Friday, June 8, 2018

TLC BOOK TOURS and REVIEW: The Last Ballad by Wiley Cash


The New York Times bestselling author of the celebrated A Land More Kind Than Home and This Dark Road to Mercy returns with this eagerly awaited new novel, set in the Appalachian foothills of North Carolina in 1929 and inspired by actual events. The chronicle of an ordinary woman’s struggle for dignity and her rights in a textile mill, The Last Ballad is a moving tale of courage in the face of oppression and injustice, with the emotional power of Ron Rash’s Serena, Dennis Lehane’s The Given Day, and the unforgettable films Norma Rae and Silkwood.

Twelve times a week, twenty-eight-year-old Ella May Wiggins makes the two-mile trek to and from her job on the night shift at American Mill No. 2 in Bessemer City, North Carolina. The insular community considers the mill’s owners—the newly arrived Goldberg brothers—white but not American and expects them to pay Ella May and other workers less because they toil alongside African Americans like Violet, Ella May’s best friend. While the dirty, hazardous job at the mill earns Ella May a paltry nine dollars for seventy-two hours of work each week, it’s the only opportunity she has. Her no-good husband, John, has run off again, and she must keep her four young children alive with whatever work she can find.

When the union leaflets begin circulating, Ella May has a taste of hope, a yearning for the better life the organizers promise. But the mill owners, backed by other nefarious forces, claim the union is nothing but a front for the Bolshevik menace sweeping across Europe. To maintain their control, the owners will use every means in their power, including bloodshed, to prevent workers from banding together. On the night of the county’s biggest rally, Ella May, weighing the costs of her choice, makes up her mind to join the movement—a decision that will have lasting consequences for her children, her friends, her town—indeed all that she loves.

Seventy-five years later, Ella May’s daughter Lilly, now an elderly woman, tells her nephew about his grandmother and the events that transformed their family. Illuminating the most painful corners of their history, she reveals, for the first time, the tragedy that befell Ella May after that fateful union meeting in 1929.

Intertwining myriad voices, Wiley Cash brings to life the heartbreak and bravery of the now forgotten struggle of the labor movement in early twentieth-century America—and pays tribute to the thousands of heroic women and men who risked their lives to win basic rights for all workers. Lyrical, heartbreaking, and haunting, this eloquent novel confirms Wiley Cash’s place among our nation’s finest writers.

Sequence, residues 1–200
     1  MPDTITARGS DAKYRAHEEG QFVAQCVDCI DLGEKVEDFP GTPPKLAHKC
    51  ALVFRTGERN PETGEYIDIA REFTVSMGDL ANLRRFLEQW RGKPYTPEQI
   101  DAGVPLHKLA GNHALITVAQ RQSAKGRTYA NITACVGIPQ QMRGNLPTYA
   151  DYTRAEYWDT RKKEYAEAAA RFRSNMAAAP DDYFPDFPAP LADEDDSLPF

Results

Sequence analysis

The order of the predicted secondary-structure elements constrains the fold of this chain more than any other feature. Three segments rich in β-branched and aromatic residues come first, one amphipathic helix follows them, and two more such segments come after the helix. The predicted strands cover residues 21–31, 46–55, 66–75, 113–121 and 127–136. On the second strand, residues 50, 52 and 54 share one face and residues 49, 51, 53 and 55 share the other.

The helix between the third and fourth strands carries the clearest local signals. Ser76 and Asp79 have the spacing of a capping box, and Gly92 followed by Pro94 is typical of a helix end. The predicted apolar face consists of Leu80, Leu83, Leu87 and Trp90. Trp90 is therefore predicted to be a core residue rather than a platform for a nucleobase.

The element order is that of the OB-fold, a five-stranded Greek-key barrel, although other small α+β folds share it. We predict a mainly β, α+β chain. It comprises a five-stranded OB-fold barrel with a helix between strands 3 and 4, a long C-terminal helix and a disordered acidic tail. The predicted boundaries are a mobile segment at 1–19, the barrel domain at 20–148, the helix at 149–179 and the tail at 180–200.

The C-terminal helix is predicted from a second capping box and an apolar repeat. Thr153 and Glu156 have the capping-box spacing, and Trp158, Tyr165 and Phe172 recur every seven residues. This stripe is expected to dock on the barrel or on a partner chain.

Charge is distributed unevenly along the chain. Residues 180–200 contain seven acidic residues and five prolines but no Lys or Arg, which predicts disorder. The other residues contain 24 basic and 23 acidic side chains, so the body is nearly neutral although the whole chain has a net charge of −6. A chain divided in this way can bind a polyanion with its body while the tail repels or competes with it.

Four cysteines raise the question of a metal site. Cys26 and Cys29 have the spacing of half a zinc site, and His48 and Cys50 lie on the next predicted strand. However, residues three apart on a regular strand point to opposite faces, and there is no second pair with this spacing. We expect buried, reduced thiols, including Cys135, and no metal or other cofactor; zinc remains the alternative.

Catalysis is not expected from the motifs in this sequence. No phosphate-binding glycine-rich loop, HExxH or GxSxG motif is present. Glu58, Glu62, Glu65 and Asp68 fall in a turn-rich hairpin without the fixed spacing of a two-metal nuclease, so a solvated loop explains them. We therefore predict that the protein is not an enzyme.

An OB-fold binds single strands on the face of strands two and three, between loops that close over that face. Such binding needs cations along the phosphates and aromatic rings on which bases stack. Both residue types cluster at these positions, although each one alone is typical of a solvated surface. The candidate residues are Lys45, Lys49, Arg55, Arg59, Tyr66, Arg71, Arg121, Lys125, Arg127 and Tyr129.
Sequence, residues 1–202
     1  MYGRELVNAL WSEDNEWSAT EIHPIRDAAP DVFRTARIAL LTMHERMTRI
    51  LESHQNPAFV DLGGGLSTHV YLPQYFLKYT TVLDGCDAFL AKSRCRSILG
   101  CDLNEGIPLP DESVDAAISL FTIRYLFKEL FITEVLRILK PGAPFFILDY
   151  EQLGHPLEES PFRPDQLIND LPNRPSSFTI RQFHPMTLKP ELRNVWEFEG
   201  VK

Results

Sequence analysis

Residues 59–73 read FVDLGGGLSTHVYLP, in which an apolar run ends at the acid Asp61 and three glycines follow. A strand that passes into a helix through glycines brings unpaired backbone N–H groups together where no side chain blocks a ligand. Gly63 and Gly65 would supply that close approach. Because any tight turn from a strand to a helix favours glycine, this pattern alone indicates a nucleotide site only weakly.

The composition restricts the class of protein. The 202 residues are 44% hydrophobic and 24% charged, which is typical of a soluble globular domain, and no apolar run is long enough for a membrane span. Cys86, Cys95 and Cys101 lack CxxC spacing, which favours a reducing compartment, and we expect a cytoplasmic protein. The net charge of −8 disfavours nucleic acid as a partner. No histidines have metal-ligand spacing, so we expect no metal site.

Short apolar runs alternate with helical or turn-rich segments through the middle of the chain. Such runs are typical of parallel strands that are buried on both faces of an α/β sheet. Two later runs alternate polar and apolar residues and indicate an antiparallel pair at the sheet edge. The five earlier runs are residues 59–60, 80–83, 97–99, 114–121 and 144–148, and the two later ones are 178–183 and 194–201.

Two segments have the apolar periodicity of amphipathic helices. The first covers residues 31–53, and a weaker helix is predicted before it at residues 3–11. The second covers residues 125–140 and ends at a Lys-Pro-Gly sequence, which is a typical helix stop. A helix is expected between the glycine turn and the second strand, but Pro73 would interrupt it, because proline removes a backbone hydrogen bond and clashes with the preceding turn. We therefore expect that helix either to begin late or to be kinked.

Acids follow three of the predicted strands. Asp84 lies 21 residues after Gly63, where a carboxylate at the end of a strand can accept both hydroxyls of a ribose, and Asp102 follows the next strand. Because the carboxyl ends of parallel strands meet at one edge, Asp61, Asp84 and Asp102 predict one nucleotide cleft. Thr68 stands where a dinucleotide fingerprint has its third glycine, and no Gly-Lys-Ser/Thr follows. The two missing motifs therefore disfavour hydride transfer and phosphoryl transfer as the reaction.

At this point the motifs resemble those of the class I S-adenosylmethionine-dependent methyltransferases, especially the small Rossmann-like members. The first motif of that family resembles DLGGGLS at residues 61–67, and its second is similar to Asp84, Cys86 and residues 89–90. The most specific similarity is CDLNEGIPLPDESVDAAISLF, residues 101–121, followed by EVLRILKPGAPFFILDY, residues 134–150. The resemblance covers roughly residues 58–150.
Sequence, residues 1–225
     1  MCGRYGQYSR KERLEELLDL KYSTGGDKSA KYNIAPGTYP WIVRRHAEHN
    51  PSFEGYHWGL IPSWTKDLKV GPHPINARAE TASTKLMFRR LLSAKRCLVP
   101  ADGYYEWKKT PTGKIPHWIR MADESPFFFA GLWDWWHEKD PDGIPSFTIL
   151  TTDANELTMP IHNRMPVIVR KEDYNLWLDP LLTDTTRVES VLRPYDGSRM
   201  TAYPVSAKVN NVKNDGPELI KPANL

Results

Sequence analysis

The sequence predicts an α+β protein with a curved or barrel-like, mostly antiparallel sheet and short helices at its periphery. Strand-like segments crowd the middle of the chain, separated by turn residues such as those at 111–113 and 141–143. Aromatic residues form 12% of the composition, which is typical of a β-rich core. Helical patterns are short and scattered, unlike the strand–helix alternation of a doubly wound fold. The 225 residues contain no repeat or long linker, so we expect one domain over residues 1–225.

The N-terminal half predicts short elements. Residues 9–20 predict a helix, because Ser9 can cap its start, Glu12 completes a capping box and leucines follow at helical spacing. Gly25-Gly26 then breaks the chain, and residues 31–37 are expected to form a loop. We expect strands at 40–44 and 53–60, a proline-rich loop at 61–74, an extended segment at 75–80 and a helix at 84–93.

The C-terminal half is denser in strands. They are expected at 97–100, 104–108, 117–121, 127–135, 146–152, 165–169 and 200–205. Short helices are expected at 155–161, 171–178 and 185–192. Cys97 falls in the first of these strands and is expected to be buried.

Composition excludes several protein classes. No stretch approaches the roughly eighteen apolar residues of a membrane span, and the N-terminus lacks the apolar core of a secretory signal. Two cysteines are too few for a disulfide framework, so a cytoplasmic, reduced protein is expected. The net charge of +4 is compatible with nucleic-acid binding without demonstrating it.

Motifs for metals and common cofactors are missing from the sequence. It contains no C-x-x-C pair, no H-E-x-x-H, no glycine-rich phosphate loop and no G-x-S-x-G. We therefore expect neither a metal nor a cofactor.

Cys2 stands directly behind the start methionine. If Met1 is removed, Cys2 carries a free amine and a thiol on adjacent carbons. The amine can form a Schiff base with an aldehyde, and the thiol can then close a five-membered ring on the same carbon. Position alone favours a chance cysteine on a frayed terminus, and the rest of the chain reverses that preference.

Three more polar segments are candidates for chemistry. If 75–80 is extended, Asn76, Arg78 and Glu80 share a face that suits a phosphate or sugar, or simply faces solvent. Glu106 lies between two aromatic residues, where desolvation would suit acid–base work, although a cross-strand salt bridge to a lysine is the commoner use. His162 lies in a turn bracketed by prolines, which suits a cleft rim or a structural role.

Paperback, 416 pages
Published June 5th 2018 by William Morrow Paperbacks (first published October 3rd 2017)

About the Author

Wiley Cash is the award-winning and New York Times bestselling author of A Land More Kind Than Home. A native of North Carolina, he has held residency positions at Yaddo and The MacDowell Colony and teaches in the low-residency MFA program at Southern New Hampshire University. He and his wife live in Wilmington, North Carolina.

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My Thoughts
Ella May knew she wasn't pretty, had always known it.
Based on one amazing real-life woman, this is the story of Ella May Wiggins who as a single mother became a union organizer and died fighting for worker's rights.

At the ripe young age of 29, Ella May finds herself raising four children alone while working a back-breaking job at a textile mill. She lives and works alongside members of the black community. In fact, her best friend and neighbor in Stumptown is a black woman by the name of Violet.

Ella's husband has run off...again. She knows she isn't much to look at, but she has been keeping company with on again/off again Charlie, who shares her love for music. Ella writes ballads in her free time. Note: One of her ballads, A Mill Mother's Lament, was recorded by Pete Seger.
Pretty took the will to be so and the money to do it and the time to see to it and the sleep to maintain it, and Ella didn't have any of those things.
Ella May never had much in life, and all she wants is to have happy children with food in their stomachs and a roof over their heads. She is struggling to do just that on her measly $9 a week, when she hears of a union. So she hikes to her first union meeting.

Ella is one tough and impressive lady...
But there was something about her that made him fear getting too close, something that told him she would just as soon spit in his eye as say hello.